Bring 4 quarts of water to boil in a large Dutch oven. Add pasta and 1 tablespoon salt to the boiling water; cook until al dente. Reserve 1/2 cup pasta cooking water, drain pasta and return pasta to the Dutch oven. Turn the heat on to low.
Add sauce and reserved cooking water to the pasta and toss to coat. Season with salt to taste. Transfer to a serving bowl.
America is a melting pot that was formed by the hard-working people who migrated here from lands as far east as China and Japan and as far north as Russia and Europe. They utilized American supplies and prepared them in ways that they had prepared them in their homeland.
True American food is a collection of these culinary traditions passed down from generation to generation. Each culture brought their cooking methods, food, and spices to America. They farmed the soil, hunted game, and incorporated their ways into the food of America. This series is about what they cooked.
From Manhattan to New England, clam chowder is known for its competing varieties as much as for its comforting briny flavor. It seems every state on the East Coast has its own take on the popular soup
New England clam chowder is the most well-known and popular clam chowder. Though it’s named after New England and associated most with Massachusetts and Maine, food historians believe that French, Nova Scotian, or British settlers introduced the soup to the area and it became a common dish by the 1700s. The soup continued to gain popularity throughout the years and, according to “What’s Cooking America”, was being served in Boston at Ye Olde Union Oyster House (the oldest continuously operating restaurant in the country) by 1836.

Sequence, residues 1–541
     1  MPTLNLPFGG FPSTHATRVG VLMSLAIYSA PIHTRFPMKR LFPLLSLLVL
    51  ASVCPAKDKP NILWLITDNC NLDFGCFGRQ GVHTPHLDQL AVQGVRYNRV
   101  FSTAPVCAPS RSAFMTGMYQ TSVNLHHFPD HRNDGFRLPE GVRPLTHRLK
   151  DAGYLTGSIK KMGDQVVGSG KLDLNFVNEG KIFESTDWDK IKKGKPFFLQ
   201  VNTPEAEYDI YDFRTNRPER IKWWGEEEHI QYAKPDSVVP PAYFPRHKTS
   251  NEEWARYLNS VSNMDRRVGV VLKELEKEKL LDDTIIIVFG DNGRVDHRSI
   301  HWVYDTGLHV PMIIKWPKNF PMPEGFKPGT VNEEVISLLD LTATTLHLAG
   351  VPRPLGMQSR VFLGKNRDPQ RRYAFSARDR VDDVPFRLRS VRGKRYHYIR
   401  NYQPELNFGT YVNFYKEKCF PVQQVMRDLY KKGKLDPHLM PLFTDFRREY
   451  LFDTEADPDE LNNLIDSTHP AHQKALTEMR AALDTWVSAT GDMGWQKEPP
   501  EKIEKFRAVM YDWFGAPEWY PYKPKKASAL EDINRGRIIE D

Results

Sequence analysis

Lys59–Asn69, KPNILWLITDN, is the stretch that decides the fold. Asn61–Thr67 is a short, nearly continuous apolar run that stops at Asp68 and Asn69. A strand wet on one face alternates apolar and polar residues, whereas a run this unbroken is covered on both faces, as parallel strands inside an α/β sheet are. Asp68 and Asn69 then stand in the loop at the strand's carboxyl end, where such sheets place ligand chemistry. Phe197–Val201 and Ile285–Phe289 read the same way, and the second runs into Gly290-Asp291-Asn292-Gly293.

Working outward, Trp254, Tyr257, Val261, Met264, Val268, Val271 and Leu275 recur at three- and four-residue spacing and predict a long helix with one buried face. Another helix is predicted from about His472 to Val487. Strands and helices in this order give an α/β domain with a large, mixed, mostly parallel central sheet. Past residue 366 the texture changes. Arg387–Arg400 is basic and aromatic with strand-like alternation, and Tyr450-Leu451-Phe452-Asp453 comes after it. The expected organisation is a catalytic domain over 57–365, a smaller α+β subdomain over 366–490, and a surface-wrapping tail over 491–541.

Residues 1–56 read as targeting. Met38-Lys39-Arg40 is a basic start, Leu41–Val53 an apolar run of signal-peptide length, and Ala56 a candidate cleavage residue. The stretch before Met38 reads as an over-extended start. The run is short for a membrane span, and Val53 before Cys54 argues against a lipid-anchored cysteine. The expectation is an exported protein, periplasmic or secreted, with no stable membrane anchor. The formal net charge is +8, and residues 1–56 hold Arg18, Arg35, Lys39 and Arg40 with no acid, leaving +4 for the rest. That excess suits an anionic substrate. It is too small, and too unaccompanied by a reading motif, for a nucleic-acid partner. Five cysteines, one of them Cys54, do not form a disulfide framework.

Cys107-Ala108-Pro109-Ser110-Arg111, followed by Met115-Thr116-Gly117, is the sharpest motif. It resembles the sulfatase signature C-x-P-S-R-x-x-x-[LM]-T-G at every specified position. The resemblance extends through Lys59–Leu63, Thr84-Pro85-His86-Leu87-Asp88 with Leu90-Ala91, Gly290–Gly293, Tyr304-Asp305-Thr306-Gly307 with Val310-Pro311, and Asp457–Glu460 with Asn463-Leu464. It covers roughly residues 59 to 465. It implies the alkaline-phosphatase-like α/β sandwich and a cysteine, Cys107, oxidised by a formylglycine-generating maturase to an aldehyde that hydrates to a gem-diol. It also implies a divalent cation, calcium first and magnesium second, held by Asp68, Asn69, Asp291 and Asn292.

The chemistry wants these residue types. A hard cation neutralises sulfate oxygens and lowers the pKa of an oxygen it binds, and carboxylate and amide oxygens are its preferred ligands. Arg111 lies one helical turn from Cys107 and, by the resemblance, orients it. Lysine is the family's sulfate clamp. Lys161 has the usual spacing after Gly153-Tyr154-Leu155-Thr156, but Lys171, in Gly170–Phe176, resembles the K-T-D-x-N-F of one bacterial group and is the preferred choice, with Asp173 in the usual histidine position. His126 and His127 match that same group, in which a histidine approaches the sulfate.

New England clam chowder, occasionally called “Boston Clam Chowder,” is made with the usual clams and potatoes, but it also has a milk or cream base. It is usually thick and hearty; Today. the soup can be found all over the country but is still most popular in the North East.
I serve the chowder with crusty Italian bread and a Romaine Salad dressed with a Parmesan Vinaigrette.
New England Clam Chowder
Yield: 8 to 10 servings
3 strips thick-cut bacon
1 tablespoon unsalted butter
1 medium onion, cut into 1/4-inch cubes
1 medium leek, washed and sliced
2 celery ribs with tops cut into 1/4-inch slices
1 teaspoon chopped fresh thyme leaves
2 bay leaves
1/2 teaspoon seafood seasoning (Old Bay)
3 medium-size white potatoes, peeled and cut into 1/2-inch cubes
1/2 cup all-purpose flour (I use Wondra-no lumps)
4 cups seafood stock or bottled clam juice, divided
1 pound chopped fresh clam meat with juices or 2 (6.5 oz) cans of clams in broth
Kosher salt to taste
2 cups half & half
1 teaspoon white pepper
Chopped fresh parsley for garnish
Place a 4- to 6-quart pot over medium-low heat. Add the bacon and cook, turning occasionally, until crisp, 10 to 12 minutes. Remove the bacon, leaving the fat in the pot, and crumble into small pieces onto a plate; set aside.
Add the butter, onion, leek, celery, thyme, seafood seasoning and bay leaves to the pot. Cook, stirring often, until onions and potatoes are tender, 6 to 8 minutes.
Return the bacon to the pot and increase the heat to medium-low.
Dissolve the flour in 1 cup of the clam broth or seafood stock. Add the mixture gradually, stirring continuously, until incorporated. Stir and cook 5 minutes.
Increase the heat to medium and slowly add the remaining clam broth or stock, 1 cup at a time, incorporating it into the mixture before adding more.
Increase the heat to medium-high and add the clam meat with its juices. Keep stirring 5 minutes, until the clams are tender.
Add the cream slowly; then stir in the white pepper.
Discard the bay leaves before serving. Garnish each serving with chopped parsley.
Many supermarkets carry frozen, chopped clam meat in 1-pound containers, which is fresher than canned and just as convenient. Simply defrost before using.
Romaine Salad with Parmesan Vinaigrette
3 tablespoons grated Parmesan, plus extra for garnishing the salad
2 teaspoons Dijon mustard
3 tablespoons red wine vinegar
1 clove garlic, minced
1/2 cup extra-virgin olive oil
Kosher salt and freshly ground pepper to taste
2 hearts of romaine lettuce, chopped
Whisk the Parmesan, mustard, vinegar, and garlic in a small bowl. Whisk in the oil. Sprinkle the vinaigrette with salt and pepper. Toss the lettuce with the vinaigrette. Serve immediately.
All three dishes can be baked in the oven together, staggering the cooking time needed by each dish.
Stuffed Sole Fillets
4 large shrimp, peeled, deveined, tails removed, finely chopped
1 tablespoon olive oil